By John Moore Williams
Business strategy and design thinking haven’t always been on the same page.
In fact, until fairly recently, they weren’t even in the same room. Men in 3-piece suits gathered around tables polished to a high gloss to talk strategy. And once they’d decided on a plan, they called the designers in and said, “Here’s what we’re going to do …”
But through the passion and inventiveness of designers—and those passionate about design—things are changing.Strategy as a design discipline has taken its rightful place at the conference room table, making design a strategic business advantage.
Think about it: today, when we think of a company, we’re really thinking of a product.
Facebook’s that blue-hued social network where you talk to your friends. Airbnb’s the site where you borrow nice apartments for the weekend. Seamless magically ushers dinner to your door. And Apple’s the phone in your pocket, the computer on your lap, maybe even the power behind your TV.
Companies flourish when their products answer human needs. And if execs want their business strategy to be inherent in the product, it has to be inherent in the design.
So how can designers shape business strategy?
Designers understand the business landscape differently than the business guys. Where an exec sees lifts in conversion rates, a designer sees a more delightful user experience. Where an exec sees increased time on site, a designer might wonder if some interactions could produce less friction. Where the business guy sees users, designers see people.
To take part in developing business strategy, designers need to be advocates for the user. They need to push back on ideas that might undermine the product’s design.
They also need to be asking questions like: Is this strategy so vague that it’ll be impossible to execute? Is it so complicated that users will drop out of the flow without completing it? They also have to ask themselves if their decisions align with the greater company strategy.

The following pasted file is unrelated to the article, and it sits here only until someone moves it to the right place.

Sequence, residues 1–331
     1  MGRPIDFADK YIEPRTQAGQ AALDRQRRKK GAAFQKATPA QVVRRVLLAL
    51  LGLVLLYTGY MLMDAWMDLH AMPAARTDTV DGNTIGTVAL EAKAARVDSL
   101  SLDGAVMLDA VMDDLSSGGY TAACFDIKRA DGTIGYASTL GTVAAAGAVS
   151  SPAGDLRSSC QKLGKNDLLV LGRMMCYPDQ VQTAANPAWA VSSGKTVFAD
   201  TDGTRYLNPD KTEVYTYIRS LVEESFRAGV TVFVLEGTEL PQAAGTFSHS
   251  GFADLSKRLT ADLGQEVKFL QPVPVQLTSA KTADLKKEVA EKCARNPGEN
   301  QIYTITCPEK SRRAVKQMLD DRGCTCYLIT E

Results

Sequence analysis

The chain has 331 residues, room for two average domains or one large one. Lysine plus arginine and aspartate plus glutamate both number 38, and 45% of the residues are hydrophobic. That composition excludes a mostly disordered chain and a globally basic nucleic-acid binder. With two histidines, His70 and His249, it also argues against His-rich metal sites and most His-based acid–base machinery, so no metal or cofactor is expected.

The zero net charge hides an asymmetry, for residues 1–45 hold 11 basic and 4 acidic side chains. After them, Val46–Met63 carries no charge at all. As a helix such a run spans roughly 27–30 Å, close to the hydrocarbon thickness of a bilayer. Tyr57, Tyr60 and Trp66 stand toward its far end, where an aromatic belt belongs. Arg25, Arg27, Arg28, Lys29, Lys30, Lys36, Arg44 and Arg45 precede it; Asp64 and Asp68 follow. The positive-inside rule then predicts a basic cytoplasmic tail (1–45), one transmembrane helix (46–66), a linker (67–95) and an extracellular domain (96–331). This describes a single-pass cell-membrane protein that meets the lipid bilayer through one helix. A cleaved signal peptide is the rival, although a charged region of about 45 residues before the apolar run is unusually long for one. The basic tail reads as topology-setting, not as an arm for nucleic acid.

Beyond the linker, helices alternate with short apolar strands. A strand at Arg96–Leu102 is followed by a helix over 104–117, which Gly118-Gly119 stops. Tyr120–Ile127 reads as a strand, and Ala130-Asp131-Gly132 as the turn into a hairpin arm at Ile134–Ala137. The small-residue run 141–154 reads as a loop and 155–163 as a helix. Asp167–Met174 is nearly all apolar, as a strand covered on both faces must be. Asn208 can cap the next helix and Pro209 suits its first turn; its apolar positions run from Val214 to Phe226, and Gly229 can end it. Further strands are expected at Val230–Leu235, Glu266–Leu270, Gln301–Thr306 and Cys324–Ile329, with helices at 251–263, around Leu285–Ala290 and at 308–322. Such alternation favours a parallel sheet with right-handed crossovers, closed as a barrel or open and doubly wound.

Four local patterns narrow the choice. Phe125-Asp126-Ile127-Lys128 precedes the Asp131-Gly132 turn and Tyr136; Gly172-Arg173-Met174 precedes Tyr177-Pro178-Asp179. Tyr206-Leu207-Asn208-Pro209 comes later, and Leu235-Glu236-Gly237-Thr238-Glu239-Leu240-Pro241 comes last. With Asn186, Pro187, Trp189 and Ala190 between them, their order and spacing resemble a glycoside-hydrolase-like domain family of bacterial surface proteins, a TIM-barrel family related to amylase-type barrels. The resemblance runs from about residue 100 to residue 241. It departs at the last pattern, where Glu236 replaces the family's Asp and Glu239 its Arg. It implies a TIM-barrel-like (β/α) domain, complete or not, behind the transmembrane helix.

Focused questions like these lead to the development of a rock-solid vision. And with a rock-solid vision in mind, it’s easier to develop a winning design.
What can strategy makers do for the designers?
Strategy makers do themselves a favor when they involve designers in conversations about the business direction from day one. (There’s an argument here that the CEO should be a designer—but we’ll save that for another day.)
It should be easy to see a company’s strategy from a quick look at their design choices. But it isn’t always obvious what design choices need to be made, even if you know a company’s strategy. A designer will have a substantially better idea of this. As strategy changes, so should design, and if design changes, there should be a strong strategic reason for the change.
Not convinced? Look no further than the abortive healthcare.gov launch to understand the chaos a disconnect between design and strategy can cause. Hopefully, the rising public demand for quality design will mean fewer and fewer of such messes in the future.
How can companies ensure a strong connection between design and strategy?
First, hire more designers. This isn’t as easy as it sounds, because a good designer is hard to find, and most companies need way more than one designer to handle all their design needs. Second, integrate designers into all relevant teams. Their input will be essential for strategic success.
As designers become more involved in strategic decision-making, they‘ll rise through the ranks, due to their unique understanding of both the strategic and design sides of business. Companies should encourage this growth, empowering their designers to influence strategy. This will increase awareness of design company-wide, better integrate strategy and design, and help your company thrive in the new business ecosystem.